Imagine having a map of all the human anatomical parts and their possible variations: a digital collection of all the different types of bones, muscles and connective tissue in men and women from any race. And imagine that a high-speed computer could download personal data into this 3D simulated human and run tests for doctors to determine exactly how a patient will respond to a particular drug or treatment without first testing it on animals.
The promise of precise, customized medicine is still years away, but a cross-disciplinary team, involving 30 institutions around the world, is building a complete morphological and physiological virtual human dubbed the Parametric Human.
Accurate diagnosis and treatment rely on solid information, yet “we really don’t know the human body,” says Jeremy Mogk, Autodesk Research’s principal scientist on the project.
“Even when you look at anatomy textbooks, what they’re really showing is a relatively superficial view,” he adds. Mogk believes it’s time to go beyond the superficial — by graphically depicting, in minute detail, every part of the body, which is why he has spearheaded the project through Autodesk, one of the world’s largest software design firms.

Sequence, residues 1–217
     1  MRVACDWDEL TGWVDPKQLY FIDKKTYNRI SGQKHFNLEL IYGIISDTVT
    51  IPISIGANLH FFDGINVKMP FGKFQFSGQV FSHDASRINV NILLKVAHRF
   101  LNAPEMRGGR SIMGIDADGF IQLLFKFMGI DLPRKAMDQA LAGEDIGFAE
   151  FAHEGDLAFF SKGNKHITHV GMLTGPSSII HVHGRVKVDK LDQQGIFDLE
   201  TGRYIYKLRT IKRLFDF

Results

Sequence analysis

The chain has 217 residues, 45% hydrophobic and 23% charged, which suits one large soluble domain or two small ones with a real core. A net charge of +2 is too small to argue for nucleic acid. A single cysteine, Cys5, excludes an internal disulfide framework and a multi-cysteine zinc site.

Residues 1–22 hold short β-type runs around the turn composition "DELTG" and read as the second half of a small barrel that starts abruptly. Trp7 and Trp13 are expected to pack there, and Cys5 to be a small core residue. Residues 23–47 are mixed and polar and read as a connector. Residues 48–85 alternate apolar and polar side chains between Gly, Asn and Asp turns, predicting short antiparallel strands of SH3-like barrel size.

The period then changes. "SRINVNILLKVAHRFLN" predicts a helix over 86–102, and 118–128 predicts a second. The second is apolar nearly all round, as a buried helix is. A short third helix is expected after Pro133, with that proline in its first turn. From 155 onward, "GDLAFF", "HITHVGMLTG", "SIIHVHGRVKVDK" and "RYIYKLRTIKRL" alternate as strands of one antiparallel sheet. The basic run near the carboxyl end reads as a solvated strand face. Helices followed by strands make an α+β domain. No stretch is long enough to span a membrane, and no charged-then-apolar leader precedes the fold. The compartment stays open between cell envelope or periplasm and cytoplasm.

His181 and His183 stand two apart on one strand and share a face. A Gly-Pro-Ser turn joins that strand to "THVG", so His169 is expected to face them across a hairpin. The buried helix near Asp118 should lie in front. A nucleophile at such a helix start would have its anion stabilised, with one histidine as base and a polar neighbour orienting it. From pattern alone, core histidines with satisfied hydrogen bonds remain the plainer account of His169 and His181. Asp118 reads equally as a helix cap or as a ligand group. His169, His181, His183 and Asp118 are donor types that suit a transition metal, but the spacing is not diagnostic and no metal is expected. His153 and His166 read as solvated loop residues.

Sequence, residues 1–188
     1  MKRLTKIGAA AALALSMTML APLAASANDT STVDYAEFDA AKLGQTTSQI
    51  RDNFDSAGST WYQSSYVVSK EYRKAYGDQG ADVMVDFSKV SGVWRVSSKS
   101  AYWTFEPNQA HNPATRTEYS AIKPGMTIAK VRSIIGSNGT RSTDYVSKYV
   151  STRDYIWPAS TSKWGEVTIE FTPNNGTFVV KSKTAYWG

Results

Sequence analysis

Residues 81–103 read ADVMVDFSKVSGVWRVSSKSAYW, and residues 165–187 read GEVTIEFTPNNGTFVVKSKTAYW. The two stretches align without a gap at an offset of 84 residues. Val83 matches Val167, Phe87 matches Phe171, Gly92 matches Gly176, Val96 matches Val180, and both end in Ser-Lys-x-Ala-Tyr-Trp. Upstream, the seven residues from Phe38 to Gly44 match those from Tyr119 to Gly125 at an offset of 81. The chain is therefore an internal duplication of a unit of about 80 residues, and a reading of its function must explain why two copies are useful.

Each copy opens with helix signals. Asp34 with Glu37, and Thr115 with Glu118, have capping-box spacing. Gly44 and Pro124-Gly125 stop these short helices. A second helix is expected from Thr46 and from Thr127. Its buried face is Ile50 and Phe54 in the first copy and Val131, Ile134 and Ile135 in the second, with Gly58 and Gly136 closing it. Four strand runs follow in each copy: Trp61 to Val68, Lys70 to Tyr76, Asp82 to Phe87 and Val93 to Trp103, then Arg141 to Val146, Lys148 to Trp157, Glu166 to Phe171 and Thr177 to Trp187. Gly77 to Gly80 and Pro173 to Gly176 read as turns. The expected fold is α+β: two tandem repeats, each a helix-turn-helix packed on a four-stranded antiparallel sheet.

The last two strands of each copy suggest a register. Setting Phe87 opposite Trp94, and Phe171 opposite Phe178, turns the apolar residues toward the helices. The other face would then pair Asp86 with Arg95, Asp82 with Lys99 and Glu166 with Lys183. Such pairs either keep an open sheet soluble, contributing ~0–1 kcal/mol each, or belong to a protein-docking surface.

But despite backing by both corporate and academic partners, intense effort is required. Mr. Mogk points to work under way at the University of Toronto, where Prof. Anne Agur of the department of surgery is digitizing muscle fibres, section by section, throughout the body with a miniature robotic arm.
“Through the digitization process that she pioneered, she’s discovering that we had no idea just how complex some of these structures are,” says Mr. Mogk.
The project’s overarching goal, he adds, is to create a central repository and platform where researchers can share their data — a Wikipedia, of sorts, for all things related to the human body. But the potential applications are no less exciting: the 3D model can be used to develop targeted therapies, to map complex surgeries and to create simulation-based training for healthcare professionals.
“By creating this model, we are building something that can be used as a reference or map of the human body, complete with all the possible variations so that, for example, surgeons know what to expect when they’re going into a particular bone or joint,” says Mr. Mogk.